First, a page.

Thursday, August 23, 2007

The Champ Hits Movie Theaters

Samuel L. Jackson, one of the leading actors in Time to Kill, stars in Resurrecting the Champ, opening in theaters nation-wide this week. The film tells the story of a down-and-out ex-boxer, now a homeless man roaming the streets of downtown Denver, Colorado.

Boasting of his past feats as a boxer, Jackson’s character, known in the film as The Champ, is beat to a pulp by a bunch of street thuds. A journalist (played by Josh Harnett), also down on his luck, covets a front-page story, and befriends The Champ, taking him to a match. The Champ gives the journalist, Erik, an insider’s run-down on the match, leading to the front-page story that jumpstarts his career.

Erik soon discovers that The Champ is a once-famous boxer, believed to be long deceased. In resurrecting The Champ, Erik also aims to resurrect his own life of a broken marriage (his wife, played by Kathryn Morris, of Cold Case fame)

and a difficult relationship with his young son (played by Dakota Goya). Erik is further spurred on by competition from a newsroom reporter (played by Teri Hatcher of Desperate Housewife).

Directed by Rod Lurie, who hails from Greenwich, Connecticut, the film continues to move his career beyond television as the director of the series Commander in Chief and Line of Fire. He directed the 2000 film The Contender, starring Gary Oldman (of Harry Potter fame), Joan Allan, Jeff Bridges and Christian Slater.

With an all-star cast, including Academy Award winner Samuel L. Jackson, who won the award for his role in Pulp Fiction, Lurie’s newest release Resurrecting the Champ is worth a trip to the local theater to check out the acting and the plot of this contemporary morality tale.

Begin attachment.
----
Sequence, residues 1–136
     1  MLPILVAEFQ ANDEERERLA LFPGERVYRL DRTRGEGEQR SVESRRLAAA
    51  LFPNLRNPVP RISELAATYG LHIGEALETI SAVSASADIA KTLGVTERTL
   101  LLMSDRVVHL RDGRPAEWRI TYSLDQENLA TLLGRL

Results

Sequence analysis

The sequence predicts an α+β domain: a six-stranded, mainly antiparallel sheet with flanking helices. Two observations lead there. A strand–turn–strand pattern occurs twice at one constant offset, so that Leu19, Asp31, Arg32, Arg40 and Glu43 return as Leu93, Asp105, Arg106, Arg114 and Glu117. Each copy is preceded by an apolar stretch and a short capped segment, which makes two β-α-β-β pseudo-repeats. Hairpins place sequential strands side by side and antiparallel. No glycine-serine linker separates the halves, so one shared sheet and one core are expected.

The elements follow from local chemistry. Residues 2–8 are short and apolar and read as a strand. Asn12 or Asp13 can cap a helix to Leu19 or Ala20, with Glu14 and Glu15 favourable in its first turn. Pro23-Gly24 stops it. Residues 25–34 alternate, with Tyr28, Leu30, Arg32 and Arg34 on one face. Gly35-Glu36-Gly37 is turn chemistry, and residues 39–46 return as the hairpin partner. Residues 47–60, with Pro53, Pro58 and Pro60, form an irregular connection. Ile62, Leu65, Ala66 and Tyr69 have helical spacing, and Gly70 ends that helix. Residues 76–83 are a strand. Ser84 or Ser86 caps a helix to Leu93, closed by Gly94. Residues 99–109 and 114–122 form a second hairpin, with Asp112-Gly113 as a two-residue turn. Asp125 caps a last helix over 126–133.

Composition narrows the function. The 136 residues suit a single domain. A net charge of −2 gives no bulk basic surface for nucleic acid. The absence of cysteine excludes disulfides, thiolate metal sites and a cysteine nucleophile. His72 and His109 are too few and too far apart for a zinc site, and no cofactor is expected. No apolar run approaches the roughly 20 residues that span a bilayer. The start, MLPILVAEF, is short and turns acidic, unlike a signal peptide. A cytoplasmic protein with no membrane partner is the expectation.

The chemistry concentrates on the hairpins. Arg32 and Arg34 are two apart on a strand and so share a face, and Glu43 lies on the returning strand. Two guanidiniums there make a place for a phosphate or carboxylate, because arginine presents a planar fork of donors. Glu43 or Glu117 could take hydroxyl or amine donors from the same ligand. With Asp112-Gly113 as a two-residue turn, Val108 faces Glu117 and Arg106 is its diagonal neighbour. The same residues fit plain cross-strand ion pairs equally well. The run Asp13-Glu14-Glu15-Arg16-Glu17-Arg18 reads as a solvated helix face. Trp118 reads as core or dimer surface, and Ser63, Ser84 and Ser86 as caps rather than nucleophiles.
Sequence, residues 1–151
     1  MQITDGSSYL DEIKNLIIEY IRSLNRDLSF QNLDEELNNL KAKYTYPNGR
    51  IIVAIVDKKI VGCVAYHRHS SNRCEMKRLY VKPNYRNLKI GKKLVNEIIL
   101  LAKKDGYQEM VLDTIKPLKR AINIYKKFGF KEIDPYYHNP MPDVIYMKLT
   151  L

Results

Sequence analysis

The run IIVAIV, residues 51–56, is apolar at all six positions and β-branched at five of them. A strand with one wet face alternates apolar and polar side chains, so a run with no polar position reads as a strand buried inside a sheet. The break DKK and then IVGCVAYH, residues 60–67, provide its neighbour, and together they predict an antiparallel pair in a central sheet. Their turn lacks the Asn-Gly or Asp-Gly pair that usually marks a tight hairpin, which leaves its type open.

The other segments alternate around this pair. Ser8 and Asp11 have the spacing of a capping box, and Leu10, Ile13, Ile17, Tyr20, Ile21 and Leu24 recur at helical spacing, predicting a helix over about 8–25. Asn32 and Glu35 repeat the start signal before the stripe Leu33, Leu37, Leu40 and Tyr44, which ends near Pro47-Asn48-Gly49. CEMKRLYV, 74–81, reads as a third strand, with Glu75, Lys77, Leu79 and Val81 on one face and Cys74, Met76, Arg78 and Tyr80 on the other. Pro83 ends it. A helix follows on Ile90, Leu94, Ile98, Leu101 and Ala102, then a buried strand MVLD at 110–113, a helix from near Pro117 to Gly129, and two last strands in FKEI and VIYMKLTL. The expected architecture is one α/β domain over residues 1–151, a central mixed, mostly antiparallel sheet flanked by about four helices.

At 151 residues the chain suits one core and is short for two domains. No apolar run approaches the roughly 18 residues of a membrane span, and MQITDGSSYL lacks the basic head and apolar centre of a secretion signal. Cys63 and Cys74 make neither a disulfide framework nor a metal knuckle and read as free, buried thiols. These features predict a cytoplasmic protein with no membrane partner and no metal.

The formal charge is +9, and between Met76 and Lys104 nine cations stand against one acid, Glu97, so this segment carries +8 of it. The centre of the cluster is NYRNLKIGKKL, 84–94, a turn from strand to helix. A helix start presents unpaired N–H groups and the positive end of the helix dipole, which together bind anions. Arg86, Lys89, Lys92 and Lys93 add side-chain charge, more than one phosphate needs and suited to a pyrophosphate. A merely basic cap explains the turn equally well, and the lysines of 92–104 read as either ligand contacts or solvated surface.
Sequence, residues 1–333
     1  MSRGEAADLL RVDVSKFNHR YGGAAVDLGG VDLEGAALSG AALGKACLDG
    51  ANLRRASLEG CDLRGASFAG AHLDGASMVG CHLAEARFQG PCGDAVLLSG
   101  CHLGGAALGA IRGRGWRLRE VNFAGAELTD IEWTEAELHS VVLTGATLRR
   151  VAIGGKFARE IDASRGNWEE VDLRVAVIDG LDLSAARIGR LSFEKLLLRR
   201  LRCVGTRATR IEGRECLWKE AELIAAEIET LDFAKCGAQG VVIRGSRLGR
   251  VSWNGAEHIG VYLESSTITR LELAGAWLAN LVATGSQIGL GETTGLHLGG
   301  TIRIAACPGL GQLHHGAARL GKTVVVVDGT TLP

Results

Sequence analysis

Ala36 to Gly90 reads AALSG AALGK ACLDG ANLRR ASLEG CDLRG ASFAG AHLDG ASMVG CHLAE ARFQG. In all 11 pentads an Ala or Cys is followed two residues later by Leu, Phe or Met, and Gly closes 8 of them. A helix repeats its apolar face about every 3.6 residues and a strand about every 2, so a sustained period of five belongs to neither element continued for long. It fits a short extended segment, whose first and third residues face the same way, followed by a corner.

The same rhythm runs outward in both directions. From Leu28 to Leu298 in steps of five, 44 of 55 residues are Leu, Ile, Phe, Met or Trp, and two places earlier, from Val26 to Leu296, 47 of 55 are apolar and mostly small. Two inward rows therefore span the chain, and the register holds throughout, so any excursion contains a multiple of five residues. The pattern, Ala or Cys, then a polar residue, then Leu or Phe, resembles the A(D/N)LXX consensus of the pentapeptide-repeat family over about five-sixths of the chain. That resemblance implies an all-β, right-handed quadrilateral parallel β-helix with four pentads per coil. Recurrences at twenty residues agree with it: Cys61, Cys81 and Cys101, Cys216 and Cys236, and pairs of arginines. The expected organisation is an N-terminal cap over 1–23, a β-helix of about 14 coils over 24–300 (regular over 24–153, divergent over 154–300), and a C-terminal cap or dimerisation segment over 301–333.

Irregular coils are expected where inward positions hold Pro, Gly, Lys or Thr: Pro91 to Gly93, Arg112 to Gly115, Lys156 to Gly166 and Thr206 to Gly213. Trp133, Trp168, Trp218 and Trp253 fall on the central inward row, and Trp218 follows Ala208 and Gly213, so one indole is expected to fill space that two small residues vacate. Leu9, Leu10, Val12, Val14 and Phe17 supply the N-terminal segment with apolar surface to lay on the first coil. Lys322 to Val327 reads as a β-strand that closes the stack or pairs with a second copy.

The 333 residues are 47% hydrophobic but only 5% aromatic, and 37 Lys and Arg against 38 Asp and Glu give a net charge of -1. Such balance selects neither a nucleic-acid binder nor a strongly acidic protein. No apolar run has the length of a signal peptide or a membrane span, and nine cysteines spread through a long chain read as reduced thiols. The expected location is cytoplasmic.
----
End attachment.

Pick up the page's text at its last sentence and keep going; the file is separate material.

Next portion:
If you see the film, or want to comment on any of the actors, please post a comment.


Emma said...

I haven't seen the film yet, but after reading the blog would be very interested in seeing whether the character played by Teri Hatcher is truly nemesis, or indeed friend to J. Harnet's character. I ask this because immersed in feminist theory (Seyla Benhabib, Julia Kristeva, Judith Butler) I find myself thinking that the "practical-moral imperative" of any utopia should be inclusive of feminist concerns, rather than what our current ideologies of future utopias are now--Europocentric ideologies deeply rooted in patriarchal societies that purport class, race, sex and gender distinctions. What am I trying to say? Does this movie prescribe to typical homosocial constructs in which women are often times presented as the all-evil "Other," or could it be that Hollywood has finally added a surprising "twist" to this type of three pt plot?
Emma Makinen

Judy Arzt said...

Emma, once you see the movie, let us know how you view the filmmaker's approach to depicting women and where you see this film fitting in with other kinds of male-bonding films. Judy

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